Finding some sense of inner peace while incarcerated can be nearly impossible. But for many inmates incarcerated in correctional facilities – from minimum to maximum security – learning Transcendental Meditation, known as TM, can bring profound and lasting change.
Within the concrete walls of the Oregon State Correctional Institutions, prisoners who practice Transcendental Meditation are finding higher values and meaning in life and are able to quiet their minds in order to reach within themselves to better understand their deep selves. This technique will often allow prisoners to learn to forgive themselves and to move forward to becoming productive members of society.
The results of the practice of TM on the life of the men were extraordinary – a 50% reduction in recidivism rates among meditating inmates three years after release from prison.
According to an article published in the Journal of Offender Rehabilitation, a range of research has shown that the practice of Transcendental Meditation can actually help reduce prisoner recidivism while helping develop psychological functioning. A point well made in the article states that research shows evidence that crime is linked to stress-induced malfunctioning of the nervous system in the body. Practicing can help with stress reduction and ultimately help with prisoner rehabilitation.
In addition to inmates learning Transcendental Meditation techniques, guards are also learning this technique to help them deal with the stress of spending hours in prison and interacting with many incarcerated prisoners.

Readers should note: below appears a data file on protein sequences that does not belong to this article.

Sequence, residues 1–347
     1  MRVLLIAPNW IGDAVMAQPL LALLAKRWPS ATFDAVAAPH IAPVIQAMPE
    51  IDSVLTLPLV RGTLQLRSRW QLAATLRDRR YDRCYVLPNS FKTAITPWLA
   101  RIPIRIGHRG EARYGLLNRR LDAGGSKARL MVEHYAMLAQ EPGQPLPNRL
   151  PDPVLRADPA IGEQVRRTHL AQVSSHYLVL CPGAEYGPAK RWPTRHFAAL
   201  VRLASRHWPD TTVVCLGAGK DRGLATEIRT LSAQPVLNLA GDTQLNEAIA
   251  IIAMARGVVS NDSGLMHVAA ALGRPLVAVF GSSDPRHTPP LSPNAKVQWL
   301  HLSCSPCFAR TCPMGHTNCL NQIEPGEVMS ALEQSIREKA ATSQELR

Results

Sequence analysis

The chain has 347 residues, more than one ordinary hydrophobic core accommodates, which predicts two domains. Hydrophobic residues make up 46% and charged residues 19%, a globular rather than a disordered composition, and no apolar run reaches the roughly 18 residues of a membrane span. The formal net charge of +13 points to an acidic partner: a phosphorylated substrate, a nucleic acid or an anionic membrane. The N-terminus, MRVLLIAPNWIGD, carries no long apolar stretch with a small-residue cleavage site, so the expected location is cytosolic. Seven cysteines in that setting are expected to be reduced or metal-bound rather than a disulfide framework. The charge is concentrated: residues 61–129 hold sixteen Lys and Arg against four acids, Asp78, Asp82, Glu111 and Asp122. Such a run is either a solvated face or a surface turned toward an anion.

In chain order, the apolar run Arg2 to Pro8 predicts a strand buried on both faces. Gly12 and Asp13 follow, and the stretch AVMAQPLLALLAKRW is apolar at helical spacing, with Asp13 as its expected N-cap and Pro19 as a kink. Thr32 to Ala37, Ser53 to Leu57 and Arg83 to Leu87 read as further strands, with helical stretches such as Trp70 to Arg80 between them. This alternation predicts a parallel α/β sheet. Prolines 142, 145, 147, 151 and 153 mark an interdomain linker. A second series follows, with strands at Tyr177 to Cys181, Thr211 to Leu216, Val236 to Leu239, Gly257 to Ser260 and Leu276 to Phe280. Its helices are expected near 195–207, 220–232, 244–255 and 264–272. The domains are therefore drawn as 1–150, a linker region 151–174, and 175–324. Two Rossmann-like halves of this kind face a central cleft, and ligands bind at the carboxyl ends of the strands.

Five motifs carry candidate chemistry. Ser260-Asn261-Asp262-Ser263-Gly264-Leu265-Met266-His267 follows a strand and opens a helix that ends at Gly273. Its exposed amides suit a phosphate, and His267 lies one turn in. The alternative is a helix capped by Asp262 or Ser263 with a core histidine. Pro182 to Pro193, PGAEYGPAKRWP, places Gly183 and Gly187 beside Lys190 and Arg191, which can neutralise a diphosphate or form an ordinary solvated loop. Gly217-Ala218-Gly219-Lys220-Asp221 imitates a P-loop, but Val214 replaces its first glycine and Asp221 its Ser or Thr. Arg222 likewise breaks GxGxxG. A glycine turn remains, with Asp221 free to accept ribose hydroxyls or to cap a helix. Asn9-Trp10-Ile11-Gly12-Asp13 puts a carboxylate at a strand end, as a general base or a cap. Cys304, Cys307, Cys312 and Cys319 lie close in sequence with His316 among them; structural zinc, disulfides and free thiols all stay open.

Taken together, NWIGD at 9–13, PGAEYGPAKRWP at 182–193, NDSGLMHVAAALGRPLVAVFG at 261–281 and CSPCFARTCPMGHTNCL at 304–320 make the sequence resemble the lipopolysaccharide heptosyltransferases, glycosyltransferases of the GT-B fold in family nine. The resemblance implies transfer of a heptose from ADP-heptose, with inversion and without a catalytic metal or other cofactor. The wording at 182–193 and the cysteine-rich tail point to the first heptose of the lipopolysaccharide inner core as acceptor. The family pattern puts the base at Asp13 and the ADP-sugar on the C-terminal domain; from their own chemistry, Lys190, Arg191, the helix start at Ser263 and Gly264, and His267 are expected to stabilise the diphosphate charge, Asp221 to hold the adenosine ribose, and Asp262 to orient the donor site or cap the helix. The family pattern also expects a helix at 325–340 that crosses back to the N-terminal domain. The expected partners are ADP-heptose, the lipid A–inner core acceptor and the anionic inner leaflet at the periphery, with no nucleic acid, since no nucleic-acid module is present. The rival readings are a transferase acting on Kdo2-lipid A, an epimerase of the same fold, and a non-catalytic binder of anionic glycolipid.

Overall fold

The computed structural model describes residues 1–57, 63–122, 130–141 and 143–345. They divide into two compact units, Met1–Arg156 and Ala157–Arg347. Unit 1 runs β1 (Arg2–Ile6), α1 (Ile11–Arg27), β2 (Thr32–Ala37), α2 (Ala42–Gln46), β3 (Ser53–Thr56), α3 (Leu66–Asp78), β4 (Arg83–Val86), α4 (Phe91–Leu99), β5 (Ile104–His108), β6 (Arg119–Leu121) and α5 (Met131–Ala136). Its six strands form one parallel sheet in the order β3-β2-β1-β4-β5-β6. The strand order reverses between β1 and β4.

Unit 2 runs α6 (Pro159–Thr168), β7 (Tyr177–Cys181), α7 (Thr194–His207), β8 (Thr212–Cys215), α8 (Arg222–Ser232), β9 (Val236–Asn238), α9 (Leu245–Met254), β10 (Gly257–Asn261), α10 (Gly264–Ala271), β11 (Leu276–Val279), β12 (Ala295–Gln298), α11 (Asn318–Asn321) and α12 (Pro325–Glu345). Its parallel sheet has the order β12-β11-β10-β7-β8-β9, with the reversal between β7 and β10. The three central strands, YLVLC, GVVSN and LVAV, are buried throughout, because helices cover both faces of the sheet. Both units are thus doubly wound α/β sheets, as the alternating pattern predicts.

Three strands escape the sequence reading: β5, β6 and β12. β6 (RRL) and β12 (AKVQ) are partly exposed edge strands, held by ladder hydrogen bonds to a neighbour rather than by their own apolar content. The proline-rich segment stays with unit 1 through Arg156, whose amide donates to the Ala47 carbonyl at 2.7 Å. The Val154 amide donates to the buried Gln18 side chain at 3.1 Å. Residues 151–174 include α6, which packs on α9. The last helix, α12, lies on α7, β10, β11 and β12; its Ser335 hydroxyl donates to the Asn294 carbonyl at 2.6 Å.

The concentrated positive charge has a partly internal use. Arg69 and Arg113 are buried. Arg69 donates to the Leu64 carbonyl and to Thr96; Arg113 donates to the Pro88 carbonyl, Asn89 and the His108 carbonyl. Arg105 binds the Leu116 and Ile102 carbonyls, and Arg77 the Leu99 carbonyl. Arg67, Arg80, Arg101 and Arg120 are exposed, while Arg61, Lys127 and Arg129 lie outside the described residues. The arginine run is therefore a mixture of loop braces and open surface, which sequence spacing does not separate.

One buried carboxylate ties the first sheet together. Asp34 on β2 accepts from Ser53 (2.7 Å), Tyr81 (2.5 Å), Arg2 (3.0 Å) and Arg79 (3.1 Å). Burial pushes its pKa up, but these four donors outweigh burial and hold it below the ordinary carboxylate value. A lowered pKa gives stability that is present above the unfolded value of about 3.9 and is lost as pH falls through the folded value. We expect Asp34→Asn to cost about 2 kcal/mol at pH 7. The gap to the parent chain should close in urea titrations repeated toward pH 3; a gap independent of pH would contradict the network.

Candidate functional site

In recent years, budget cuts, high crime rates, and for many, a genuine interest in helping inmates behind bars with rehabilitation have created an upsurge of interest in providing Transcendental Meditation in correctional facilities around the country.
Many of the prisoners that practice Transcendental Meditation have found a way to control their emotions, and instead of reacting to a situation that may cause a person to commit a crime, using techniques can help them to stop and think the situation through before reacting.
To learn more about Transcendental Meditation, you can read Science of Being and Art of Living: Transcendental Meditation by Maharishi Mahesh Yogi.
A good book to read about Transcendental Meditation and criminal rehabilitation, please read, Transcendental Meditation, In Criminal Rehabilitation and Crime Prevention by Kenneth G. Walton, David Orme-Johnson, and Rachel S. Goodman.
To view a video from eight inmates who practice TM and how this technique has changed their lives, please watch this video.
“I’m spending time with myself. That’s actually what it really is, just spending time with your inner self, and everybody inside is a good person, you know, we just make bad choices. Spending time with myself actually makes me feel good. I’m actually starting to know who I am.” From a prisoner incarcerated at Oregon State Correctional Institutions.
Published Sep 5, 2012 by Christopher Zoukis, JD, MBA | Last Updated by Christopher Zoukis, JD, MBA on Jul 19, 2023 at 10:37 pm